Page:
In response to (4): Rails copies your individual instance variables into an ActionView instance. There is fairly significant contention in the community over whether it should really be doing this, but for now that's how it works, and you should keep that in mind when you are writing your controller actions. You don't want a lot of overhead in copying numerous or bloated objects that you don't need in the view.

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You got it, actually. It's all name matched. The Entry model matches up with the entries_controller which matches up with the entries view. The name of the specific view correlates with the controllers action.

@entries is an instance variable (called such as it's an instance of the whole model), as is any variable that starts with an @. Those variables in the controller are the ones that are available to the corresponding view.

A neat trick to use is the _enrty partial.

_entry.html.erb

<h1><%= entry.title %></h1> 
<p><%= entry.content %></p>
<p><em>Posted at <%= entry.created_at %></em></p>

Then in places that you want to call the index (your view_all is typically labeled as index), or parts there of, you can <%= render @entries %>

But yeah, a lot of the magic of rails is in the matchy matchy naming conventions. There are ways around that, as everything is customizable, but that sums it up. Cheers!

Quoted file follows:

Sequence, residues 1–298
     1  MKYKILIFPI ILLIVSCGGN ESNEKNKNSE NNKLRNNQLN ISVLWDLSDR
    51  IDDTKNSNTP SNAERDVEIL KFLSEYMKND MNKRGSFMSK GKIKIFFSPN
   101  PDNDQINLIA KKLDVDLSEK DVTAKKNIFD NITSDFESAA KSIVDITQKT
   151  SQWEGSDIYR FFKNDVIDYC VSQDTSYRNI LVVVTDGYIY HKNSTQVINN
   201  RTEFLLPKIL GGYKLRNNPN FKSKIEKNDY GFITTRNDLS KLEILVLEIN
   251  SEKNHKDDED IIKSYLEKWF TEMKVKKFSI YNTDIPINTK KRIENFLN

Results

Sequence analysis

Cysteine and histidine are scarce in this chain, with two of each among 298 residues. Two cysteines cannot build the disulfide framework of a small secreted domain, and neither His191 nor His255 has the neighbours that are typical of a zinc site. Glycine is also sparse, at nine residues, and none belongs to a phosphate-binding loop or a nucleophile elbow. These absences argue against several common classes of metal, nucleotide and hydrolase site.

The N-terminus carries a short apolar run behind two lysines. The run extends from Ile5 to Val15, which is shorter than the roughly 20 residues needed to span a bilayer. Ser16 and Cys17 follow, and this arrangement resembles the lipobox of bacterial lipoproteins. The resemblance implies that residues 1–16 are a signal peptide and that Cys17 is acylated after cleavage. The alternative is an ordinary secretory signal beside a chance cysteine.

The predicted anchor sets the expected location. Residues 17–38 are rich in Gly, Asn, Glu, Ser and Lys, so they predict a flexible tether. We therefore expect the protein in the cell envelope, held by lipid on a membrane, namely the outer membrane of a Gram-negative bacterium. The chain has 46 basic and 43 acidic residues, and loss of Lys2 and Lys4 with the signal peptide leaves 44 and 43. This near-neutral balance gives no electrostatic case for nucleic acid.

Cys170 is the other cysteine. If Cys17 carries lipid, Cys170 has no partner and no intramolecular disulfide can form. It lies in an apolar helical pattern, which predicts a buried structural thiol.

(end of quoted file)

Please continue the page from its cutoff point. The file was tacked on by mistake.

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1) How wrong is my concept of how things work?

Thats a pretty good way of thinking about how the process works

2) In step (3), how does rails actually know the 'view_all' method is found inside 'entries_controller.rb'? The directive was 'entries#view_all', not 'entries#view_all'. Does rails automatically match the start of the controller file names inside the 'controllers' directory, and ignore the '_controller.rb'?

Rails abides by a directive called "Convention over configuration", this means Rails will behave a certain way, as long as you give it instructions in the way it expects. So in your query above, because you specify the "entries" part of your controller it knows to go look in "entries_controller" for the "view_all" action

3) In step (6) how does rails 'magically' know to serve the 'view_all.html.erb' view? Is it similar to how I think it works in question 2? Does rails match the 'view_all' part of the file name with the name of the method found in 'entries_controller.rb'?

Convention over configuration aka "magic". Once Rails executes an action, it will look for the matching template to execute based on your request. if you made a request for an json page (by altering your request headers for example), it would look for view.json.erb. If you left out that template it would throw an error unless at the end of the action you used a render call to tell it to do something else

4) How is the object/constant '@entries', and all its methods, 'passed on' to 'view_all.html.erb' from 'entries_controller.rb'?

It just is :D, or are you asking to see the rails source code that is responsible for that?

ActionView (Views) and ActionController(Controllers) both inherit from Actionpack, so I imagine its not that hard to share variables between the two.